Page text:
Tom Dinkelaker (Darmstadt University, Germany)
Tom Dinkelaker is a last-year PhD student and has German Diploma in computer science from the Technische Universitaet Darmstadt. His research focuses on the implementation of embedded domain-specific languages, and aspect-oriented programming languages. To provide support for customizing languages, he is exploring the potentials of meta-object protocols to enable open language semantics. Tom has embedded a set of languages those syntax and semantics can be extended by language developers or end users in order to customize them for special domains. He was involved in the European Network of Excellence on Aspect-Oriented Software Development (AOSD-Europe) and the German research project on Feature-Driven, Aspect-Oriented and Model-Driven Software Product Line Development (feasiPLe), he is developing technology for building domain-specific aspect languages with support for extensible syntax and semantics using reflective programming techniques. He was a member of the organizing committee of the previous DSAL workshop (DSAL'10). He was a program committee member of the 4th Workshop on Dynamic Languages and Applications (DyLa'10) at the international conference TOOLS'10. He was the general organizer of the 1st Workshop on Model-Driven Product Line Engineering (MDPLE'09) at the European conference ECMDA'09. He was a supporting reviewer for the AOSD, DLS, FSE, and ESSOS conference series.
Jacques Noyé (Ecole des Mines de Nantes, France)
Jacques Noyé is an assistant professor at Ecole de Mines de Nantes and a member of ASCOLA (ASpect and COmposition LAnguages) a joint project-team of Ecole des Mines de Nantes and INRIA. He is interested in many aspects of programming languages and their implementation, in particular better support for programming in the large. He was a member of the organizing committee of the previous DSAL workshops and co-edited the June 2009 special issue of the IET Software Journal on DSALs. He holds a European doctoral degree in computer science from the University of Rennes (France). He worked from 1985 to 1993 at the European Computer-Industry Research Centre in Munich on many aspects of Prolog implementation, in particular, hardware support, compilation, and parallelism. From 1994 to 1996, he was, within the Compose group at Irisa in Rennes, one of the main designers of Tempo, a partial evaluator for C.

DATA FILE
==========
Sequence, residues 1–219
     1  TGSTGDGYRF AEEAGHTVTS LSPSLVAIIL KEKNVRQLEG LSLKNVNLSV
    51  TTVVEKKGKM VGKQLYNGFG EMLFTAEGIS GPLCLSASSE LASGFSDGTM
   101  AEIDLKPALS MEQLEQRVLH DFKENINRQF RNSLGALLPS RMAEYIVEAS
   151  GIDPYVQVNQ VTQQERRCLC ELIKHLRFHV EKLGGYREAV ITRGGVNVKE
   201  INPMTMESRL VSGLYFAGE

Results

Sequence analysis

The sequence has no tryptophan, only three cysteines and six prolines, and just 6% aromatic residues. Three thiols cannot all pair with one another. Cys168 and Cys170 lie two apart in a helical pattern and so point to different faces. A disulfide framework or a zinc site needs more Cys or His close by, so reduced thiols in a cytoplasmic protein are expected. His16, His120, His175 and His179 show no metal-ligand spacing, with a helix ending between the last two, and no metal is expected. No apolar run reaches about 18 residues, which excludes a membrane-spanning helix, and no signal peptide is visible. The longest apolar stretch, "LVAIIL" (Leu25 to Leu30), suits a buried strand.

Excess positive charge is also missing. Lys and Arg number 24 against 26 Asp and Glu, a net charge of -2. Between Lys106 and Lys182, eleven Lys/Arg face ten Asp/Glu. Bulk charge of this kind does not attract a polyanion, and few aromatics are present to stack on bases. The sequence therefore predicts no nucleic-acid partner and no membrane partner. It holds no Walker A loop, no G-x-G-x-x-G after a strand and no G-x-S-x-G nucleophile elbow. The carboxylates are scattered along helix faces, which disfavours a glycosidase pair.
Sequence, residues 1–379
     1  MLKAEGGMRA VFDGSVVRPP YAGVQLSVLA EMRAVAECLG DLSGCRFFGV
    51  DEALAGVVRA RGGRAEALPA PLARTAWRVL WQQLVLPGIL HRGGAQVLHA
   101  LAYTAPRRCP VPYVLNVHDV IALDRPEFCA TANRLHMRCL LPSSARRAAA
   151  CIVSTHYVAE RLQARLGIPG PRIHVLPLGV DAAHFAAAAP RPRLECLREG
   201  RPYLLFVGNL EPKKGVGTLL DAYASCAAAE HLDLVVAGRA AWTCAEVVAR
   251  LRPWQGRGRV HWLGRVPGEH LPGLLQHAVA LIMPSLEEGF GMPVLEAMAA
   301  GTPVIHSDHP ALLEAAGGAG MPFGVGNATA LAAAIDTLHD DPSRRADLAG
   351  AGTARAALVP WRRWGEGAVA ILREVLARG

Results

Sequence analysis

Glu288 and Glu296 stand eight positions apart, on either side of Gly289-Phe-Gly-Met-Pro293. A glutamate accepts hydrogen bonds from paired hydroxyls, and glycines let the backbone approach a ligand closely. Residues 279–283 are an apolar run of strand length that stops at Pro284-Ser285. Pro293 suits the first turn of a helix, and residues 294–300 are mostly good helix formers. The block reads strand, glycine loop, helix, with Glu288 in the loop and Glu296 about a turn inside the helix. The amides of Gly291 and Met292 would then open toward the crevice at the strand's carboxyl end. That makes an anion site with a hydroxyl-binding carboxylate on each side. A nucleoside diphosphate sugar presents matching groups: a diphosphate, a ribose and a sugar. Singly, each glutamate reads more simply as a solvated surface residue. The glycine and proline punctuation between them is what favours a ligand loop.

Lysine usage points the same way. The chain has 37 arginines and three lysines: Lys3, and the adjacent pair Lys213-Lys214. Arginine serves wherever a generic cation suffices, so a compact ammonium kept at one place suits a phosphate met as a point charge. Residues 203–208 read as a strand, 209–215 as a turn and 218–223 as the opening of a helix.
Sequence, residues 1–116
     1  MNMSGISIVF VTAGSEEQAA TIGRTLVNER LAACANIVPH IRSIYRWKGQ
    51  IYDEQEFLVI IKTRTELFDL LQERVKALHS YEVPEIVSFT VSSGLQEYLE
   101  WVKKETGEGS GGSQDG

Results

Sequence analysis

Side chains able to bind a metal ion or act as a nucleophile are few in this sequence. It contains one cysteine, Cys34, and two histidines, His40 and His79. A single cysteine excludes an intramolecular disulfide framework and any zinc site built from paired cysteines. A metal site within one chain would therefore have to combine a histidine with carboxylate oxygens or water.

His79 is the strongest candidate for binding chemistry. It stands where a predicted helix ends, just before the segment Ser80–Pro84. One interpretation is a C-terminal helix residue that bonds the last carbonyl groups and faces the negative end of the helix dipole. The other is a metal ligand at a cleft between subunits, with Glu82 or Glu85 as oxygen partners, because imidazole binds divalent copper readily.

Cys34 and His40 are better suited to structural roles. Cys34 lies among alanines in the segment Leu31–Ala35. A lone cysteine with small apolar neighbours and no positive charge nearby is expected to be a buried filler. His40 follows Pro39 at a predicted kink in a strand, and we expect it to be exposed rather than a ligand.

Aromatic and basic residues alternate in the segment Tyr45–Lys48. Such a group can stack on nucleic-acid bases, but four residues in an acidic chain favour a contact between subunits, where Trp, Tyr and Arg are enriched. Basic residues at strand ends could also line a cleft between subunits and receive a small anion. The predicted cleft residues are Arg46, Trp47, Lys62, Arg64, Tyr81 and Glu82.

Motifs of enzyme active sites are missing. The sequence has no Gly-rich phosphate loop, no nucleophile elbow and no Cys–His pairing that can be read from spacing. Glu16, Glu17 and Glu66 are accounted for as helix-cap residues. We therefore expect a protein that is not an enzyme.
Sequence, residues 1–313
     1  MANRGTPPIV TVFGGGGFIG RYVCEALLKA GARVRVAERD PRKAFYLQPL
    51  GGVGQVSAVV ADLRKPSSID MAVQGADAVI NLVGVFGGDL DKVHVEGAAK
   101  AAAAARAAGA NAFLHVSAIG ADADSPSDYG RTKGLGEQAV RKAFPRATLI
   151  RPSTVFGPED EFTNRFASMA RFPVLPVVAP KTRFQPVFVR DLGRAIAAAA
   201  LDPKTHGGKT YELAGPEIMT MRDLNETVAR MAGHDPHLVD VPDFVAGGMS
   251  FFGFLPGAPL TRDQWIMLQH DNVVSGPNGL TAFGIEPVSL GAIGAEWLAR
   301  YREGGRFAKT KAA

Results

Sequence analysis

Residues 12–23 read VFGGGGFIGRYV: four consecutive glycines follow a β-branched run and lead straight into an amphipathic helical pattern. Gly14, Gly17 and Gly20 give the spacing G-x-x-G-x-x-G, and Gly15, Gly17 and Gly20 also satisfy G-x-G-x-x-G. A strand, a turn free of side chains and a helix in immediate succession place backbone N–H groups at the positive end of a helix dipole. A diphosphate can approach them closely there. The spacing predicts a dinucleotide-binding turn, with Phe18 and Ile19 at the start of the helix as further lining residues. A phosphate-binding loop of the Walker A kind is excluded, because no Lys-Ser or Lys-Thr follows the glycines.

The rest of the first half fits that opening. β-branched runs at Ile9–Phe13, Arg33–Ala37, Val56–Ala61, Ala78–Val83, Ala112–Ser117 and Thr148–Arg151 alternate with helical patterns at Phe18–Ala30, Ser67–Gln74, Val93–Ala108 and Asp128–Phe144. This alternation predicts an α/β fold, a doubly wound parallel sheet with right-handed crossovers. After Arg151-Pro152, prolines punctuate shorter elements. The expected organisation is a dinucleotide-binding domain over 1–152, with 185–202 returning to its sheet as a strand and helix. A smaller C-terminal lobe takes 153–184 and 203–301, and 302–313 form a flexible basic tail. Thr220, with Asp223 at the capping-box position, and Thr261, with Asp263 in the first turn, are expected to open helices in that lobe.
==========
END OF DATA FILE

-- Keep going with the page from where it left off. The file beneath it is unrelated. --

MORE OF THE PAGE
Éric Tanter (University of Chile, Chile)
Éric Tanter is assistant professor at the University of Chile, in the PLEIAD laboratory of the Computer Science Department. His research focuses on programming paradigms and languages for modular and adaptable systems. This includes studying how language mechanisms, computational reflection, program transformation, and aspect-oriented programming can be leveraged to enhance the development of complex software systems. He co-organized several workshops on Pervasive Computing and AOP (at ECOOP, ICPS, AOSD, GPCE). He serves on the PC of many prestigious conferences including AOSD and ECOOP, among others. He holds a PhD from the University of Nantes and University of Chile (2004) as well as a MSc from the Vrije Universiteit Brussel (2000).